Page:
“It is no accident that white people do not enjoy seeing ordinary black people’s lives… When Losing Ground was first shown, uh, in a theater for distributors… When white distributors saw that movie, they came up to m–not me–they didn’t dare come up to me, but they came up to the people who were uh, working for us and trying to get us distribution and they said: ‘We don’t know any black people like that. We don’t know any–we don’t know any black women like that and uh, this is amazing because uh, where’s the racial angle here?’ I posit that that movie has so many racial angles, but what it starts from, the premise of the movie… is that no one, ultimately, is going to mythologize my life. No one is going to refuse me the right to explore my experiences of life as normal experiences, neither outside nor inside. Human experiences… When you begin to think about narrative, the problem for us is the process of demythologizing ourselves, otherwise there can be no truth apprehended.” – Kathleen Collins, director LOSING GROUND
THE BLACK POWER MIXTAPE: 1967-1975 can be streamed at no cost until June 21.
IFC Center has also compiled a list of other films centering on Black experiences that have been made available to stream for free by various distributors, which they will continue to update.
In mid-2014, the African American Home Movie Archive was created to serve as an online resource for researchers, educators, students, archive and library professionals, and other interested parties. The main feature of the website is the Black Home Movie Index, an aggregate of African American home movie collections from the early 1920s through the mid-1980s.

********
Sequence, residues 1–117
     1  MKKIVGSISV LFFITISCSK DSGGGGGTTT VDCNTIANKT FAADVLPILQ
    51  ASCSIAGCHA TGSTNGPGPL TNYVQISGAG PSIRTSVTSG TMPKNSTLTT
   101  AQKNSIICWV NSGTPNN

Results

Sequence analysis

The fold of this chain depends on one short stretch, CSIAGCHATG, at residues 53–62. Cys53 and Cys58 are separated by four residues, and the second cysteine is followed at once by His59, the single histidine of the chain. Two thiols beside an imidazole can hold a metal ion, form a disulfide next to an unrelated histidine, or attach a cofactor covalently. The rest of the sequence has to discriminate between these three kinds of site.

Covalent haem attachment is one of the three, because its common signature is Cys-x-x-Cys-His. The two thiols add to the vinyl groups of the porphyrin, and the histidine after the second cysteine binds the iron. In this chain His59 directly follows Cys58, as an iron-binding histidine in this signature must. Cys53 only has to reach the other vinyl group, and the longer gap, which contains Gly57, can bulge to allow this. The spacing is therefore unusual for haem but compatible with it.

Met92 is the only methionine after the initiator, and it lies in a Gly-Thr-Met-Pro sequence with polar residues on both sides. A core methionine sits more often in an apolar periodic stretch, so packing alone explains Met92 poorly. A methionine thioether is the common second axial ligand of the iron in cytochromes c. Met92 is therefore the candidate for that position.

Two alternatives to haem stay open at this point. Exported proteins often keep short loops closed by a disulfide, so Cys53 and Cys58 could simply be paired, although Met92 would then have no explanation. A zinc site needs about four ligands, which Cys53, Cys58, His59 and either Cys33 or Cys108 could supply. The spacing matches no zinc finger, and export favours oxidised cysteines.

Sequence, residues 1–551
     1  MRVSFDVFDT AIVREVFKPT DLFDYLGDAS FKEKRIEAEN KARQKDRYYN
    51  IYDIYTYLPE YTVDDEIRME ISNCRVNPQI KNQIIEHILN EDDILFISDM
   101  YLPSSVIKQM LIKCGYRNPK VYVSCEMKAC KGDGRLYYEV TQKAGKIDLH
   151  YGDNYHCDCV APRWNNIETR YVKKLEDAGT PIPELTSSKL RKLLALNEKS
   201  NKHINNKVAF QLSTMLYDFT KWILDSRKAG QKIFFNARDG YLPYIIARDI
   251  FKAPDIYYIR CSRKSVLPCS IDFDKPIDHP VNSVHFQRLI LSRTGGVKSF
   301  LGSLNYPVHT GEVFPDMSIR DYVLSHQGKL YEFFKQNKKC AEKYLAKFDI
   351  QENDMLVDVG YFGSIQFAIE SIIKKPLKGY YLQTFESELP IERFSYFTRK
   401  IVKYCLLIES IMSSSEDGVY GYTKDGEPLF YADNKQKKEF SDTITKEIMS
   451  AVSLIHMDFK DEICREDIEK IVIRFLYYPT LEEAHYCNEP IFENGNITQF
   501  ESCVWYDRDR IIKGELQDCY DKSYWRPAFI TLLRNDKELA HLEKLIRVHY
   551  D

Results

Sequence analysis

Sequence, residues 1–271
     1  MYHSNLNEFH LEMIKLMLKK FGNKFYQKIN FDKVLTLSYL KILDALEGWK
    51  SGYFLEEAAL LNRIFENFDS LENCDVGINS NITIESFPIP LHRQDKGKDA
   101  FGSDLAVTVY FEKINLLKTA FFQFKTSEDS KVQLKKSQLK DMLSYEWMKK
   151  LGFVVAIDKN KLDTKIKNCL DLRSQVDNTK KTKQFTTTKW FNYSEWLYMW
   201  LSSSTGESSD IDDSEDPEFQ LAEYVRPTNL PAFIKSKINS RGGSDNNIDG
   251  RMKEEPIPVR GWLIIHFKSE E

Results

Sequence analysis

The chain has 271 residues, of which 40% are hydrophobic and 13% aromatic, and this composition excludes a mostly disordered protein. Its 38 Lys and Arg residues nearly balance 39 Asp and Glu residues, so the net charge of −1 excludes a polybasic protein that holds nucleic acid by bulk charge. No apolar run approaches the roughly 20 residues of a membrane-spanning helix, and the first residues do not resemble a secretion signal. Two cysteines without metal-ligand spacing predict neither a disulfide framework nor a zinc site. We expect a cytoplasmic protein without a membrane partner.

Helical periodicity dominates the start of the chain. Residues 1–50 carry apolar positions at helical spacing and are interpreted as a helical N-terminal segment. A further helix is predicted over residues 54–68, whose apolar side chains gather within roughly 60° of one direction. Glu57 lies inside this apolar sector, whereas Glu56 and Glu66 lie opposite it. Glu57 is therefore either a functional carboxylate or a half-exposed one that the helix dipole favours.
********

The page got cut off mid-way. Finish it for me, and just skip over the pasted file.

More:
Here’s a further list of movies from Black directors that have been made available to stream for free, because we almost certainly missed a few.
“Yeah, I’m a nut. You didn’t know that? Thomas Edison was a nut, until he invented the light bulb. Anybody coming up doing something different can be categorized as a nut, but I’m a proud nut. I even sued Hollywood you know. I sued the Directors Guild for failure to enforce the collective bargaining agreement. They have a clause in the agreement saying producers shall make distinct efforts to increase the employment of women and minority directors by a certain percentage each year. Now in the eighteen years before I filed my suit that percentage had actually decreased. I founded a group called the African American Steering Committee within the Directors Guild and educated myself thoroughly about the collective bargaining agreement. I eventually got before the board, filled with top of the line producers, studio heads and network presidents and asked them if they had any knowledge of this article stating these percentage increases and none of them had. Not one of them. How could they enforce a law that they had never heard of?”
— from this 2008 interview with filmmaker Jamaa Fanaka (PENITENTIARY, EMMA MAE, WELCOME HOME BROTHER CHARLES)
“Right now, the struggle is for African American directors to get films made dealing with other aspect of our culture, or to get films that cost as much as everybody else’s and that gets the same amount of money spent. Right now, there are no African American executives holding jobs at studios who can green light a picture. There’s very few people in marketing departments, the booking department. So we need much greater diversity and representation in the studios.” – Spike Lee from AFI: The Directors – Spike Lee (1997)